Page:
What Would Jefferson Do?

by means of coal or oil or nuclear energy than by means of sunshine or wind or ..... 7 Fred E. Foldvary, Southern Economic Association Meetings, “Ground Rent Seeking in U.S. Economic History” ..... with significant refining or retail activity).
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What Would Jefferson Do? The Historical Role of Federal Subsidies in Shaping America’s Energy Future by Nancy Pfund and Ben Healey september 2011

About the Authors: Nancy Pfund is a Managing Partner of DBL Investors, a “double bottom line” venture capital firm based in San Francisco, CA. DBL’s strategy is to invest in companies that can deliver top-tier venture capital returns while working with its portfolio companies to enable social, environmental and economic improvement in the regions in which they operate. Ms. Pfund currently sponsors or sits on the board of directors of a number of private companies, including Primus Power, EcoLogic, SolarCity, Solaria, OPXBIO, and Brightsource Energy. Ms. Pfund also worked closely with exited portfolio company Tesla Motors. Previously, Ms. Pfund was a Managing Director at JPMorgan. Ms. Pfund joined JPMorgan (then Hambrecht & Quist) in 1984 as a securities analyst and later joined its venture capital department as principal and then Managing Director in 1989. In addition to her private equity responsibilities, Ms. Pfund also built and directed H&Q’s external affairs and philanthropic programs from 1996 to 2001. Ms. Pfund speaks frequently on subjects relating to environmental investing, environmental policy, and mission-related investing. Ms. Pfund received her BA and MA in anthropology from Stanford University, and her MBA from the Yale School of Management and can be reached at [email protected]

Ben Healey is a joint degree (MBA/MEM) graduate student at Yale University, studying at both the School of Management and the School of Forestry and Environmental Studies. Prior to grad school, Mr. Healey worked as the Staff Director to the Committee on Environment and Natural Resources in the Massachusetts legislature, where he served as lead staffer for the Committee in helping to pass the Commonwealth’s Green Jobs Act. Mr. Healey is also a graduate of Yale College and a former member of the New Haven Board of Aldermen. Mr. Healey lives in New Haven, CT and can be reached at [email protected]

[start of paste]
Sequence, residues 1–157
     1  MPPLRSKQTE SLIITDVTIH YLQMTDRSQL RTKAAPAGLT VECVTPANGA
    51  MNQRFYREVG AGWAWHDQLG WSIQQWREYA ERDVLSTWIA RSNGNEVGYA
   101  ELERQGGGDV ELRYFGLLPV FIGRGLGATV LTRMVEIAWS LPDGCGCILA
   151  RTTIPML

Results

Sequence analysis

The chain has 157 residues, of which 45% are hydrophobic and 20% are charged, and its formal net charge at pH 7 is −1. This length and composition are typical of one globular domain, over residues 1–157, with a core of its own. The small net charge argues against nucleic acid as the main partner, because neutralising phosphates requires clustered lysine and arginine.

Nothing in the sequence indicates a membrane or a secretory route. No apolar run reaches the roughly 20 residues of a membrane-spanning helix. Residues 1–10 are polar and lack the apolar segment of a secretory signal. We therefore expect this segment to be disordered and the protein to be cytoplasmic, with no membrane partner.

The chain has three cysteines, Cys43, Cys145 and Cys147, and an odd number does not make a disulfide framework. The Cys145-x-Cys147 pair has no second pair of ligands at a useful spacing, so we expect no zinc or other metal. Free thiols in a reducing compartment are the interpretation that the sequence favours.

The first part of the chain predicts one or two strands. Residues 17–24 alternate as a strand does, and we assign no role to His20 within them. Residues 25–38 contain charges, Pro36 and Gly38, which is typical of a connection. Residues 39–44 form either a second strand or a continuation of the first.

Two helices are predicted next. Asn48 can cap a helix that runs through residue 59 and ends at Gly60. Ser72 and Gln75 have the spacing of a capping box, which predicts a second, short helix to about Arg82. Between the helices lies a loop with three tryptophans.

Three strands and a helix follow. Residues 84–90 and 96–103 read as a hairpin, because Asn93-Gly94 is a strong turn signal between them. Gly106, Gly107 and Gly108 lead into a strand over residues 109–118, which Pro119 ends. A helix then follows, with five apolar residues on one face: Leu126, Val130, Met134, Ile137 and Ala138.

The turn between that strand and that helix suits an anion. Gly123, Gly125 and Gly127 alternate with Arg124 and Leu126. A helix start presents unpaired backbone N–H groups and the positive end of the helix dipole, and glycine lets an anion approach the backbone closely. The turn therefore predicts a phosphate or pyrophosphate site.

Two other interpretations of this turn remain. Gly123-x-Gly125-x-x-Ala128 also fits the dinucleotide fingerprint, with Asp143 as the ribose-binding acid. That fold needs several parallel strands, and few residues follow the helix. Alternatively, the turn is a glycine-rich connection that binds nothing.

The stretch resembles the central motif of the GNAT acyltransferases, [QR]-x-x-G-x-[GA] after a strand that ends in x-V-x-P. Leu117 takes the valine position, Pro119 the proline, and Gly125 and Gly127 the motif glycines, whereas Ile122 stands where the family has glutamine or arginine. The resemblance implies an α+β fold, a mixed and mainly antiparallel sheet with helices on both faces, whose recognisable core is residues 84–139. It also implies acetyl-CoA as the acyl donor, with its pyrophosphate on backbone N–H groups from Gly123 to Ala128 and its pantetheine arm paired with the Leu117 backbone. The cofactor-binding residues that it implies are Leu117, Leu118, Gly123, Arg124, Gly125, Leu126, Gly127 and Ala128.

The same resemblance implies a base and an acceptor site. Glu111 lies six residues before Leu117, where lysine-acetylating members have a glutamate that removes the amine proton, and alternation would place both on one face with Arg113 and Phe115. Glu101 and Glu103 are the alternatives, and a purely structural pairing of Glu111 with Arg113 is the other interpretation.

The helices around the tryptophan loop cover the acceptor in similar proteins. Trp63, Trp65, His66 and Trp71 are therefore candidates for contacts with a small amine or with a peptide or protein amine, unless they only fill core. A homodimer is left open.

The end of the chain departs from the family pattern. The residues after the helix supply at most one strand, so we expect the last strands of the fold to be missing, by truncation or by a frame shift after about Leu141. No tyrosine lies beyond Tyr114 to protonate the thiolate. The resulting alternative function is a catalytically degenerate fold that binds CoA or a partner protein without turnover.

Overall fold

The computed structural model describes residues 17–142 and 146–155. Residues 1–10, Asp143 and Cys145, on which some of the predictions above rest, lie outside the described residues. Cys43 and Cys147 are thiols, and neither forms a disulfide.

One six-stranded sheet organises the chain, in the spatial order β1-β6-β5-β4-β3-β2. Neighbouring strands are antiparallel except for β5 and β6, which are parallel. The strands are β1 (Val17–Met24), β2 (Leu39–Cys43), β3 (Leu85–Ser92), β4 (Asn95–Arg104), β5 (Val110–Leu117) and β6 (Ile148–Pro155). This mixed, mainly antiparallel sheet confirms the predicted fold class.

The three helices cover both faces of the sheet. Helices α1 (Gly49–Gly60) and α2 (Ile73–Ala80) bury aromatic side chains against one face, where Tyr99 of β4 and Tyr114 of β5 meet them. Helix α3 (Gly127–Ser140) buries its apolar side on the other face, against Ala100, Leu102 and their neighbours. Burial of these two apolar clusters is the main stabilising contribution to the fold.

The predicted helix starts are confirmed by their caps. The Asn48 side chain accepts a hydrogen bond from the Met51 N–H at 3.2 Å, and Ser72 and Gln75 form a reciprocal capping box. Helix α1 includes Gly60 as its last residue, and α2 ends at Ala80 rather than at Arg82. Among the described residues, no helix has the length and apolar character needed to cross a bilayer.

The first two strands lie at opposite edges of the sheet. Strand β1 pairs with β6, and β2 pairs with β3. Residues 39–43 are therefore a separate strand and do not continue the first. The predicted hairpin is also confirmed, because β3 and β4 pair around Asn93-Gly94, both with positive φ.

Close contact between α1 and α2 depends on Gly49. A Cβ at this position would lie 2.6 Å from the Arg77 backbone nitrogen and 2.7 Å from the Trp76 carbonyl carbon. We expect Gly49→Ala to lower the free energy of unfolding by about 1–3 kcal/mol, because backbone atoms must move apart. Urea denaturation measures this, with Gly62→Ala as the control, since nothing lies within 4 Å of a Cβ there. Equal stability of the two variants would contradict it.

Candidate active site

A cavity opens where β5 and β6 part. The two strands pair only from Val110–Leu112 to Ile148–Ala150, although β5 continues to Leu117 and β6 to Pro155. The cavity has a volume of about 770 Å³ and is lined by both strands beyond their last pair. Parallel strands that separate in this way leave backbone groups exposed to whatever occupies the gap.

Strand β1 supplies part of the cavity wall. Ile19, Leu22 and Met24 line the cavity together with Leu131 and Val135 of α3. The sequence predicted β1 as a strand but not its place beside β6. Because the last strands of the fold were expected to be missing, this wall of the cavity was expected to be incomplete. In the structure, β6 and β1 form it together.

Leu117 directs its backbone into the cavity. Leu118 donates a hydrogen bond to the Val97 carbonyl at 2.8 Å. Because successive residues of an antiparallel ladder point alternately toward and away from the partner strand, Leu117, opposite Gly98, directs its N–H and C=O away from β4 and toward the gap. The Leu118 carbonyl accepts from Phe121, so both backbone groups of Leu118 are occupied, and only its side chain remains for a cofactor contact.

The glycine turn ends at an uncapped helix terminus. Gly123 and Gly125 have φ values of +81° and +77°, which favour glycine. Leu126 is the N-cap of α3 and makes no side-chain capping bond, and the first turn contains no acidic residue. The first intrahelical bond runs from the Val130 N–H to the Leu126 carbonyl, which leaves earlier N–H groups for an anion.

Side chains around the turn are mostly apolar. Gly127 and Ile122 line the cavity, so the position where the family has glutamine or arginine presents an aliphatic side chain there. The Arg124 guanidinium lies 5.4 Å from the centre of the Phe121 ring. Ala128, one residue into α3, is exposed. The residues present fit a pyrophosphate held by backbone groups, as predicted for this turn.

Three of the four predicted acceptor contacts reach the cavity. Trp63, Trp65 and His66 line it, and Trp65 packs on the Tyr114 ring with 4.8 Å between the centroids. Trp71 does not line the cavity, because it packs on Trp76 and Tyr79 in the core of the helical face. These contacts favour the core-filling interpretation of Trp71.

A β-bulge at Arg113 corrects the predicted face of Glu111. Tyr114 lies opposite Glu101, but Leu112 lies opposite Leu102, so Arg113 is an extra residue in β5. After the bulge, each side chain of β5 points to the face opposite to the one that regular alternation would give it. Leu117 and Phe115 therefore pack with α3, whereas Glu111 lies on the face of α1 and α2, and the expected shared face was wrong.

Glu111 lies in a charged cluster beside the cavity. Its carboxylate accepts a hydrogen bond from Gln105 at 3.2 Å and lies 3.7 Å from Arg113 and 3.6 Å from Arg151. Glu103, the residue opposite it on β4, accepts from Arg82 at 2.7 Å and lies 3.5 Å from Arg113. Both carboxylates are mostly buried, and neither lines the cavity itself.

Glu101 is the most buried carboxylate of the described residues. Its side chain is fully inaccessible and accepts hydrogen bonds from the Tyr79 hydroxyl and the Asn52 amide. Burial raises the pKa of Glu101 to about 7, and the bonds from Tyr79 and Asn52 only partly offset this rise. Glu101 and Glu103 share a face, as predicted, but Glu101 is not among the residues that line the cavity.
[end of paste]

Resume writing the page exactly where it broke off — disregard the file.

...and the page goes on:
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Acknowledgements The authors wish to thank the following individuals for giving us access to their research and data, as well as invaluable guidance throughout the process of writing this paper. They deserve much credit for our ability to analyze the historical data effectively, but no blame for anything we’ve gotten wrong: Jordan Diamond, Environmental Law Institute Marshall Goldberg, MRG Associates Mona Hymel, University of Arizona James E. Rogers College of Law Doug Koplow, Earth Track Molly Sherlock, Congressional Research Service Eric Toder, Urban Institute-Brookings Institution Tax Policy Center

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Table of Contents i. Executive Summary

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ii. Introduction

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iii. Timber & Coal in the 19th Century

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iv. Categorization of 20th Century Subsidies

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v. Key Historical Subsidies by Sector

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vi. Findings and Analysis

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vii. Discussion—Subsidizing Apple Pie: Are the Slices Getting Smaller?

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viii. Conclusion—In Energy We Trust

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ix. Appendix: Data Sources

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Some argue that the consumer can purchase warmth or work or mobility at less cost by means of coal or oil or nuclear energy than by means of sunshine or wind or biomass. The argument concludes that this fact, in and of itself, relegates renewable energy resources to a small place in the national energy budget. The argument would be valid if energy prices were set in perfectly competitive markets. They are not. The costs of energy produc